Organizing Your New Kitchen
There’s no better time to implement kitchen organizing habits than when you move into a new home (or have recently remodeled your current one). Moving can be an arduous process, but if you put some TLC into organizing each space, especially the kitchen, it really pays off! Hopefully your designer, contractor or architect has planned your kitchen with you in mind, and has designed the most efficient kitchen space for your particular type of use.
What kind of kitchen dweller are you? My recent posts have talked about a lot of different types - read them here if you're not sure which type you are!
And now comes the fun part: A clean slate! My very favorite…
Here are a few of my best practices for setting the tone and starting your sparkling new kitchen off on the right foot!
- Pot and pan storage should be as close to the stove and oven as possible. This ensures minimal lifting and hauling as they tend to get heavy.
- Similar to pots and pans, wooden spoons and spatulas, cooking spoons, slotted spoons, ladles, potato mashers – anything that you may want to reach for while over the stove or using the oven – should also be kept as close as possible.
- Rubber spatulas are also handy when cooking or baking and can be kept in a drawer or in a utensil crock near the oven.
I keep separate rubber spatulas for both baking and cooking, and DO NOT mix them. I think we've all made the mistake of cooking a garlicky or spicy meal and then using the same spatula for cookies. Not a good idea!
I buy the “No Kid Hungry” series spatulas at William Sonoma each year and divide them into the two camps: baking and cooking. Marking the bottom with an "X" can also help you identify them when reaching for the right tool for the job
Knives, peelers, mandolin, garlic press, microplanes all go in a divided utensil drawer together.
I opt for these custom-fit drawer dividers to keep all these little gadgets as tidy as possible.
Cutting boards go together in a low cupboard with dividers.
Measuring cups (wet and dry), measuring spoons, and other baking tools are also kept together for when you're whipping together a batch of something sweet.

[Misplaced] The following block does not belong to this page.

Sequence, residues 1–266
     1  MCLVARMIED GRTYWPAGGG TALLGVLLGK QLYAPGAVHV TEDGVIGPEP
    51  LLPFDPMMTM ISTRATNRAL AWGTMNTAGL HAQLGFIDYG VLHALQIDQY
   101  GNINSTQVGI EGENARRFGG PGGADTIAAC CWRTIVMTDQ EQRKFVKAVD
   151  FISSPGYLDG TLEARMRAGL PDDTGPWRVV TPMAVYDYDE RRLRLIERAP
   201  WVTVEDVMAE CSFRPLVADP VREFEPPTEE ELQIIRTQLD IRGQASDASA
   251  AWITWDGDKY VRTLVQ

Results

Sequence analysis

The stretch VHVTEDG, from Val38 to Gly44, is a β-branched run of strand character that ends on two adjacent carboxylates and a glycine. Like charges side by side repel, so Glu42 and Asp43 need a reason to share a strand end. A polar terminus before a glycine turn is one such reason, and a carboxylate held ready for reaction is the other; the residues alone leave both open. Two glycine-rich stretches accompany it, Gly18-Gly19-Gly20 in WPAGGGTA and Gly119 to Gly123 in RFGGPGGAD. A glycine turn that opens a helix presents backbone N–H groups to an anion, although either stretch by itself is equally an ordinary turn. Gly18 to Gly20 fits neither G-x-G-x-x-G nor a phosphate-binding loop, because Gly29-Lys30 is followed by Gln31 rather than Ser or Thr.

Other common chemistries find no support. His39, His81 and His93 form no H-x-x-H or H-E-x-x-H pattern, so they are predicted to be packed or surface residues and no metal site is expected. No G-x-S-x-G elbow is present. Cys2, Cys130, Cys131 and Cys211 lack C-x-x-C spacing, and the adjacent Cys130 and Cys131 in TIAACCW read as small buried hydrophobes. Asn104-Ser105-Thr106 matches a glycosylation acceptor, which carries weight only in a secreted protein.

Mixing bowls and prep bowls - a lifesaver when you're prepping a complicated recipe! These often are made to nest within each other, making for tidy storage in a low cabinet.
Dish towels: I keep these close to the sink, of course!
Appliances such as food processors and mixers I keep either in a pull-up platform, or a pull-out shelf in the cabinet below. (I am not a fan of keeping these out on the counter tops).
- Platters and dishes that get used most often should have a storage area that is easy to access from the eating area of the kitchen, as well as the cooking area. That way, you can grab that plate quickly – especially when you realize you forgot it and the eggs are at that just perfect stage (I hate when the yolks get hard!)
- Also, if the dishes are near the eating area, no one will get underfoot if they are trying to help set the table while you are finishing up dinner. This is for peace of mind as well as safety in my book!
- Tea and coffee cups/mugs should be in their own cabinet with pitchers for milk, etc., and kept as close to your coffee/tea prep area as possible.
- Placemats and napkins should be as close as possible to the eating area.
- I keep bottoms and tops of all jars, containers and other vessels in a deep drawer that is dedicating to just storing glassware.
- I try to only buy the same style, in a few different sizes.
- I store the tops in magazine dividers. This way they fit nicely into the drawer for storage.
(and best for last...)
The following items should each have their own designated areas in your pantry:
- Baking goods like sugar, flour, baking powder, etc.
- Snack foods like chips, mixed nuts, trail mix, etc.
- Canned vegetables like beans, hearts of palm and artichoke
- Pickled items like capers, olives, etc.
- Dry pasta, rice and other dry grains
- Cooking condiments like olive oils*, vinegars, ghee
*with the exception of some glass bottles of oils that I keep on a silver tray near my stovetop.
- Stocks and soups
By dividing your kitchen into sections like this, you'll set up a system for organizational success for the life of your kitchen!
I do offer free consultations so if you’re interested in having me come by your new home (or newly remodeled home), I would love to help you save time and organize your kitchen to be systemized and organized! Please contact me here.